With that support in place, she focused on building her repertoire, co-writing with others from the Big Yellow Dog roster, like Tashian and Keelan Donovan, and with Music Row hit-makers like Luke Laird and Barry Dean, coveted collaborators for newbies and stars alike. An A&R exec at Columbia Nashville, a division of Sony, asked who her "dream producer" would be, and Joyce's was the name that came to mind. "I felt almost a little like, 'Do I say it out loud?'" she grinned.

Most country artists would probably point to career-defining entries in the catalogs of Eric Church, Little Big Town and Brothers Osborne as their reasons for wanting to work with Joyce, one of modern Nashville's most influential record-makers. But it says something that the first Joyce-produced album Townes mentioned during our interview was Griffin's visceral, rocking set Flaming Red.

Tenille Townes Reid Long/Courtesy of the artist hide caption

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Reid Long/Courtesy of the artist

I visited Joyce's converted church studio on a grey, chilly day last fall to watch him and Townes chip away at her album. In what used to be the sanctuary, neon light fixtures bathed the walls in columns of pink and green, incense haze wafted through the air and a pair of giant, gentle dogs padded around. From behind a partition with a window, Townes sang guide vocals and played steady rhythm guitar, while Joyce and the other musicians seated in a semi-circle, along with the drummer quarantined in an adjoining room, laid down their parts.

At one point, Joyce asked them all to allow a little more air into the arrangement: "I think the pauses will be stronger."

Townes made every change he asked for, but also seemed to be engaged in her own search for the truest, most heartfelt inflections. Her dad, visiting from Canada, slipped in and put headphones over his ballcap in time to listen to her record her final vocals. She was singing a song that contemplated the problem of suffering, and its theologizing was thoroughly conversational. During particularly pained passages, she squeezed her eyes shut or shook her head, cocooned by the band's molten, gently melancholy accompaniment.

When she was done, Joyce inquired, "Hearing what you need to hear?"

"Feeling what I need to feel," she reassured him.

Holding these recordings back, and letting Townes' stripped-down EP become the first thing people heard from her was about finding the right feel, too. "I like to think about it as a way to introduce myself to somebody as though we truly are just sitting in a living room, letting all the walls down," she wrote in an email. She hoped it would "create a foundation of trust."

Country audiences like their artists to be believable and accessible, but Townes is trying to take it further: to encourage them to think of her music as a safe space.

Before Taylor Swift's Nashville reign, the idea that coffeehouse-style intimacy could exist within a massive arena show would've seemed out of place in the country mainstream. But we've arrived at a moment when the impulse to close the distance between performer and audience and the impulse to go big don't seem mutually exclusive. As I've pointed out, "artists sprinkled across the country landscape, from the fringes to dead center, are exploring the potential of playing up the particular."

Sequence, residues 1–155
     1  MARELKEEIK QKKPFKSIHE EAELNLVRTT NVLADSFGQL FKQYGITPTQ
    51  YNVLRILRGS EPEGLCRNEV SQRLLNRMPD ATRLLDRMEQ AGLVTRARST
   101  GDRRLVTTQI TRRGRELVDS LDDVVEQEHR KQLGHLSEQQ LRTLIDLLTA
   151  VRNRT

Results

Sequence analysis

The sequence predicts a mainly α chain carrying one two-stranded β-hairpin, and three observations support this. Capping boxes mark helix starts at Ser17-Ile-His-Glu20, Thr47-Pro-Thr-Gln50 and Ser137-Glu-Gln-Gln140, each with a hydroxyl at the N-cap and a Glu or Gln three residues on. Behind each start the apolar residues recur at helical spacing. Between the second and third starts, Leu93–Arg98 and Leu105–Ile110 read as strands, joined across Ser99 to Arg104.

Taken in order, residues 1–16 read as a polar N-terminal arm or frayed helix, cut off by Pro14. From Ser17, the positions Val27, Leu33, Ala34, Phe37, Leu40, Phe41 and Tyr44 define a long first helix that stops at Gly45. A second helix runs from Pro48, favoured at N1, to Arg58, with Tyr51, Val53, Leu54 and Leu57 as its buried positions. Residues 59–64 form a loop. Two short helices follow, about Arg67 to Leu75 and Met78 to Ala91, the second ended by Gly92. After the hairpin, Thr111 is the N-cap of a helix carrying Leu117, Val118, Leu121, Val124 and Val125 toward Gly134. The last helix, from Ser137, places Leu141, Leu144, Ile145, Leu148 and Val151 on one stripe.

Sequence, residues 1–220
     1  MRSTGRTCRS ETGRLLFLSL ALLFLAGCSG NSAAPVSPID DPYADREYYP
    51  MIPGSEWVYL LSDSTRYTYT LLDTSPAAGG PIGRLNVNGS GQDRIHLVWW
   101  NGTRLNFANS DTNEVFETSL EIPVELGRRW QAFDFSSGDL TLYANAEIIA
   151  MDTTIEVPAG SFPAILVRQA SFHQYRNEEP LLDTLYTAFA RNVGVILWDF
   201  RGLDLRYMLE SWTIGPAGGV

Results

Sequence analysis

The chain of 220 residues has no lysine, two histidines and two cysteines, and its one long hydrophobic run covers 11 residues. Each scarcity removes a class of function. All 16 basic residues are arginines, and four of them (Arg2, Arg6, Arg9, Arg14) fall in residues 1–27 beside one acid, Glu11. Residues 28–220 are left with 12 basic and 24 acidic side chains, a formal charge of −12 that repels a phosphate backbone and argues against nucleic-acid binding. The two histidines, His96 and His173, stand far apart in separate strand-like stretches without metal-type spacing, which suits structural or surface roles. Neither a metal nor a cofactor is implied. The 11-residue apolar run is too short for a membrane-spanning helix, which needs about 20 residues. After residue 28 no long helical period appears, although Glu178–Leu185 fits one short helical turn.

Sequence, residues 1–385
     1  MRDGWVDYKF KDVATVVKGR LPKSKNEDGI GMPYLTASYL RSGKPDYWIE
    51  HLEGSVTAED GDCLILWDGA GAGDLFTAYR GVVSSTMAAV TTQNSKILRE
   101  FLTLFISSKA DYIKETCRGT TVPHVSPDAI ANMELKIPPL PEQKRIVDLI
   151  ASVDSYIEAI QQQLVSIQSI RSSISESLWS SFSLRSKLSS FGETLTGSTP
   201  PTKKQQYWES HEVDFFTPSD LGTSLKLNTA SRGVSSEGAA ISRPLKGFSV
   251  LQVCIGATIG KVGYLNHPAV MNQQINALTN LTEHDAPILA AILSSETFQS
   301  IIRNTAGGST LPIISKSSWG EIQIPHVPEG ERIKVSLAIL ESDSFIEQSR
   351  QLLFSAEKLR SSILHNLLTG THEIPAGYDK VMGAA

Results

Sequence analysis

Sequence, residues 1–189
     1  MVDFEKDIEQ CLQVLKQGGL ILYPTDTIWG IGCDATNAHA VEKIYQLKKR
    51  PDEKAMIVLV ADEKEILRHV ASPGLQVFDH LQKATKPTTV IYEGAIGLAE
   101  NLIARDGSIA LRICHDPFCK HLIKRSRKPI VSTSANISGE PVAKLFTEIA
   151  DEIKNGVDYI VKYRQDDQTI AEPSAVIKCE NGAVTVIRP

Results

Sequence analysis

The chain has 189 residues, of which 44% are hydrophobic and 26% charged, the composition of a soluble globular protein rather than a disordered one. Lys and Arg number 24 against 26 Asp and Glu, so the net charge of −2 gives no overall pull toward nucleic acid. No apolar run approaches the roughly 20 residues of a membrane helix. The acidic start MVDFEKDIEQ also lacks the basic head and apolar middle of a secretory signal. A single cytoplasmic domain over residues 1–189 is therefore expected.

That's true of Lambert, whose tour Townes will join this summer, and of Hayes, who shared space with her on a recent Rolling Stone Country list of songs of the week.

The song of Townes' that made the roundup was "Somebody's Daughter," in which she imagines what a young, panhandling woman's aspirations might have been and what sort of support system she once had.

Townes told me that while running errands with her mom, she was struck by the sight of a woman her age holding a cardboard sign at a stoplight. "She was so young," Townes marveled. "I was like I'm sitting here with my mom and I'm going to the furniture store. What is her story?"

The RSC critic took note of Townes' "compassionate eye." A fan tweeted that the song is "so heartfelt and close to home."

A country blogger recognized self-expression in her music: "[I]t is apparent these ideas have been working their way through her life and just had to be expressed through song."

While watching Townes perform in Vegas the weekend of the Academy of Country Music Awards, a colleague texted me, "Tenille Townes sounds like Joanna Newsom." I nodded my head as I read the message, because it makes sense to connect the quirky, personalized nature of Townes' delivery to indie folk singer-songwriters.

Twenty years ago, she might have been steered toward the world of self-disclosing, popular performers that filled Lilith Fair bills. But she, and those in her corner, seem to recognize that she's an heir to Twain and Swift, Griffin and McKenna alike, as well as a potential peer to figures like Morris and Musgraves, who've built significant followings and visibility with strong, self-written material and middling radio support.

Townes' songs have already been placed on a variety of streaming playlists, some organized around an acoustic or folk aesthetic, but many focused on new textures bubbling up in the country format. She's still very much in the market-testing phase, putting herself out there, gauging the response and talking through her next moves. No release date has been set for her album, nor is there any word on a debut single. But she seems more giddy than anxious about what's ahead, whatever it may look like.

"This next season is a little bit of a question mark to me," she admitted. "I'm not exactly sure how this part works."